There is a VOWA option for online giving http://page--www.integrityusa.org/donate.
When I asked these Africans what they wanted to say to the church, here's some of what they said:
"If the church happens to allow inclusion and let our voices be heard and let us tell our story how it is, it will go a long way because as a gay man or lesbian woman -- your dreams and aspirations are most times caught at a point . . . you have ideas and you have visions and you want to do things for the common good for humanity but you are kind of like, you get caught up and you don’t want your voice to be heard and you don’t want to raise the dust as they say, so you just stay quiet and so your voice, your dreams, your vision just dies with you." -- A gay Nigerian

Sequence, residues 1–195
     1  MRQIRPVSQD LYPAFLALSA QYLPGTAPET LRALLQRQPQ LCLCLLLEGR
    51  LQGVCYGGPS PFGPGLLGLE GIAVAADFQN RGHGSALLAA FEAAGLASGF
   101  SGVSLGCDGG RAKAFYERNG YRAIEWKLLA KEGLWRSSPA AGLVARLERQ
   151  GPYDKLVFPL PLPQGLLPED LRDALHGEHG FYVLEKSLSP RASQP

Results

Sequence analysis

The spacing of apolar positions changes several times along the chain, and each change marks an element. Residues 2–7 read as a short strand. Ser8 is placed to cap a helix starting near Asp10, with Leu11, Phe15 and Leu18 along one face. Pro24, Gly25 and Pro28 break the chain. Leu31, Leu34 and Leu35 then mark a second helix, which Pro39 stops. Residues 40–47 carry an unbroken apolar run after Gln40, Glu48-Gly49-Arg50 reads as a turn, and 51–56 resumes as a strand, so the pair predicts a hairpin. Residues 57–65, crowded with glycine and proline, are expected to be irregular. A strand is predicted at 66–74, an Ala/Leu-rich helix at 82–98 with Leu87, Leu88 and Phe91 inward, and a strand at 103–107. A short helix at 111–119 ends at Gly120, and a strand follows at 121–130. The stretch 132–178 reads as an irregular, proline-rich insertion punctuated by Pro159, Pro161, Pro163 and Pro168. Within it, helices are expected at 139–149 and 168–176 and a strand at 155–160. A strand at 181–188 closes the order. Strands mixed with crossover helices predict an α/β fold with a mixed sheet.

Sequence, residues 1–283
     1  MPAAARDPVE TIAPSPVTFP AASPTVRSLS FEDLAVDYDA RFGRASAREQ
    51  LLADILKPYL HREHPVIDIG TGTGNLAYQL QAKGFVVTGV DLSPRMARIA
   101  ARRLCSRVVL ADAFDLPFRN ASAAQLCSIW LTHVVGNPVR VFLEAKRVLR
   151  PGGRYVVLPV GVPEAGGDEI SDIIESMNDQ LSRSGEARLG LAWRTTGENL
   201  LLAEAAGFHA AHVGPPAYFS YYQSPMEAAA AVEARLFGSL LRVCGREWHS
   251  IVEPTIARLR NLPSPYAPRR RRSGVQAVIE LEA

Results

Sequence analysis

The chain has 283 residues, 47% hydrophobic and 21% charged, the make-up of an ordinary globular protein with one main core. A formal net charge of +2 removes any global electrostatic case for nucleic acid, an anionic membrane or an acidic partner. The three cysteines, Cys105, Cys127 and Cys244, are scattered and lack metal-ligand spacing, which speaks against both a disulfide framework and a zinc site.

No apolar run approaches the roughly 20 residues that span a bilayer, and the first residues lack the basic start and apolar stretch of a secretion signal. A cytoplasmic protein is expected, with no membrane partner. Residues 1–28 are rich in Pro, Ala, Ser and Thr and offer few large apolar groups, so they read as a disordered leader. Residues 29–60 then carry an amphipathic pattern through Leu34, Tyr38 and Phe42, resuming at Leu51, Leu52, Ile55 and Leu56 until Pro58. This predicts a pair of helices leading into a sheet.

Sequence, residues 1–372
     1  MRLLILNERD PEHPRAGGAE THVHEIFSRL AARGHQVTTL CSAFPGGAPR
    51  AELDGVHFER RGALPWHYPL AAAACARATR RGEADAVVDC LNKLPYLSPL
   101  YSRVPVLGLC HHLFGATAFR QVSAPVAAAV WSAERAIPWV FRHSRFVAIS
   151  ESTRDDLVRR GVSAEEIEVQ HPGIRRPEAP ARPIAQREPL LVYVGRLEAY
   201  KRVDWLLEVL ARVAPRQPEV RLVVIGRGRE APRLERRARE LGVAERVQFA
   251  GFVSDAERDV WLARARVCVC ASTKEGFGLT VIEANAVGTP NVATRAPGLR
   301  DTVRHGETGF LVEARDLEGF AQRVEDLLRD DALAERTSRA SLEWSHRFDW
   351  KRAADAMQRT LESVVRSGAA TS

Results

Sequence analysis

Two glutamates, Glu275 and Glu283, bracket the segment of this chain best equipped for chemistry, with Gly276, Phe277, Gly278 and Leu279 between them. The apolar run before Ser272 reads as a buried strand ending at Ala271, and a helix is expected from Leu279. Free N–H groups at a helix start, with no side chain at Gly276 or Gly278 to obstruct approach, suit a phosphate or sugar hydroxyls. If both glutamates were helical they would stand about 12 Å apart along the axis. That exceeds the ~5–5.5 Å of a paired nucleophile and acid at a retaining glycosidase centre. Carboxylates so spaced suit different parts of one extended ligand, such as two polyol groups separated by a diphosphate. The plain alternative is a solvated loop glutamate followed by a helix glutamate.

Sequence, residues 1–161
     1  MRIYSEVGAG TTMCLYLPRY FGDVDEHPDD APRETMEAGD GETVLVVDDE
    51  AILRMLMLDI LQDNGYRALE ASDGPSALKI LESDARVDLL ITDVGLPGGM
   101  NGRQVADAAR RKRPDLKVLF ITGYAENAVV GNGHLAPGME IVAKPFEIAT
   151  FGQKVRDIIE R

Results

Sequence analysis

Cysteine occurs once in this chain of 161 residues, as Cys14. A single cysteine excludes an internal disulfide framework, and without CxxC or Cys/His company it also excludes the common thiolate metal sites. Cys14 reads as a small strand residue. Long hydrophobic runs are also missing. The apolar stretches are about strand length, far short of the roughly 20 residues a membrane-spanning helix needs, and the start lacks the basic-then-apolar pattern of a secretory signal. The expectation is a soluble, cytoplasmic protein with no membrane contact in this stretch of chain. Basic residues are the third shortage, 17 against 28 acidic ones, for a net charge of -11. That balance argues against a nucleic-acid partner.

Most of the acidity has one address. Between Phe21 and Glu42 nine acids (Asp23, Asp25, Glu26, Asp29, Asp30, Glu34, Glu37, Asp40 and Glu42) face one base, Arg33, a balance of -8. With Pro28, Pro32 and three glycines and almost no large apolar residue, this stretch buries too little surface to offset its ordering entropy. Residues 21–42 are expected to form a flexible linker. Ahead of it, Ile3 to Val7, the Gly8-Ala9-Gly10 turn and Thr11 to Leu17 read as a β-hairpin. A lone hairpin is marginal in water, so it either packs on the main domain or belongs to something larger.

"Another question is do they really know that we have gay people in our churches? Do they really know that they worship in those same churches and when they preach sermons which are going to send them away rather than to bring them to Christ what are they really doing? What do they think when people run away from Christ rather than come closer to Christ? Do they really know that this is a reality? Those are questions that they should ponder, they should sober up, come together and reflect, not fight amongst each other. We are one. God is not happy, and God wants us all together." A gay Kenyan